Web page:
Action is eloquence.
Coriolanus, Act III, Scene ii
As the commander prepares to attack, he proclaims "Action is eloquence." The Tragedy of Coriolanus is eloquent in its dialogue, eloquent in its plots, and eloquent in its staging.
If you love Shakespeare's use of language, this is the play for you. If you like drama and intrigue, this is the play for you. If you like lots of sword fighting action, this is the play for you.
Performances of The Tragedy of Coriolanus are April 23-28 in the McGinnis Theatre on the ECU campus.
As the story begins, there are food riots in Rome. The rising price of grain means only the wealthy aristocracy, the patricians, are without hunger.
Rome is also preparing to attack the neighboring Volscians. Lead by Coriolanus, he is facing his sworn enemy, Tullus Aufidius. In Rome's victory, Coriolanus is welcomed home as the conquering hero.
His mother encourages Coriolanus to take advantage of his celebrity and run for Senate Consul but he must get the support of the citizenry, the plebeians. This he finds a most onerous task as he despises popular rule. He compares allowing plebeians to have power over the patricians to allowing "crows to peck the eagles". When this is discovered by the populace, Coriolanus is banished.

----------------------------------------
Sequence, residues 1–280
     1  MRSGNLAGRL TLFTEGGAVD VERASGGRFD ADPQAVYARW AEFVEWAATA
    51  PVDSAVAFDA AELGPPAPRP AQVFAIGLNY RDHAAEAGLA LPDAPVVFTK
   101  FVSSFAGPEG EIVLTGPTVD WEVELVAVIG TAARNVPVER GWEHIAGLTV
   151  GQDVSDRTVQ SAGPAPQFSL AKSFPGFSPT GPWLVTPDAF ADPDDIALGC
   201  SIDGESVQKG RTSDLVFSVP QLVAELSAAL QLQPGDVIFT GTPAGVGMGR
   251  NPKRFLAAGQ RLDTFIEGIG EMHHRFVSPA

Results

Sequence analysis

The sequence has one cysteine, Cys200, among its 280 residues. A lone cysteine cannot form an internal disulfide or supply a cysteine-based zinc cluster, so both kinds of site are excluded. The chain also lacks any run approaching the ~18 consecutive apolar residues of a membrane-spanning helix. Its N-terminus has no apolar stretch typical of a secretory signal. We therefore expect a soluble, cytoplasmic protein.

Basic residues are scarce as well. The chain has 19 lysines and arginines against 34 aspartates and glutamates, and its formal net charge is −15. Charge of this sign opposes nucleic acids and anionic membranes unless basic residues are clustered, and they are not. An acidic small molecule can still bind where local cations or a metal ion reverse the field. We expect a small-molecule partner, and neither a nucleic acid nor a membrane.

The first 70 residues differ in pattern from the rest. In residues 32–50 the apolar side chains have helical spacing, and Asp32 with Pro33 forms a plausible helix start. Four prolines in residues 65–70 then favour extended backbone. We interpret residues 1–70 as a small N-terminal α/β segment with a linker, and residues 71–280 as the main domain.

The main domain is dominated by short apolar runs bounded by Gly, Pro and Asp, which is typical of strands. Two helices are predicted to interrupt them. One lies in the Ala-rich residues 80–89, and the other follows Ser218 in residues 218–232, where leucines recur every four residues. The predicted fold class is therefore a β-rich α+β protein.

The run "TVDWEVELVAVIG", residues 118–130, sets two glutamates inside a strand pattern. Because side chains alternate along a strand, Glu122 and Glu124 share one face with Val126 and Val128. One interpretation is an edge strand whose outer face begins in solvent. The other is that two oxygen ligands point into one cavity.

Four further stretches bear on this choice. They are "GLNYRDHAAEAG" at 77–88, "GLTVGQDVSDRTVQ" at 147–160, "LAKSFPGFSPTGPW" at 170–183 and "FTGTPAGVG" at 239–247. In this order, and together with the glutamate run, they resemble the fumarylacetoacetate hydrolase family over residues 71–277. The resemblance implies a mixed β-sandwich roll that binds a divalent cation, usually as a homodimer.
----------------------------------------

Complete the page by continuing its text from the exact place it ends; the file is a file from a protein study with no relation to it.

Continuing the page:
In exile, Coriolanus seeks out his former rival, Titus Aufidius. The Volscians are planning an attack on Rome and Aufidius can use Coriolanus's inside knowledge of the city and army. Coriolanus, leading the Volscian army, can have his revenge against Rome's plebeians.
While they are camped outside Rome's walls, Coriolanus's mother visits him and pleads for peace. He relents and he and the Volscian army withdraw but Aufidius sees the capitulation as treason and plots the murder of Coriolanus.
The Tragedy of Coriolanus probably garners as much political discussion today as when it was written.It has been adopted by every political side with equal gusto and its subtle ambiguities continue to fuel debate.
Shakespeare's previous Roman tragedies (such as Antony and Cleopatra and Julius Caesar) were set in Imperial Rome. This play is set more than two centuries earlier when Rome was just another Italian city fighting for its survival. The ECU/Playhouse interpretation is in a post-apocalypse world also fighting for its survival.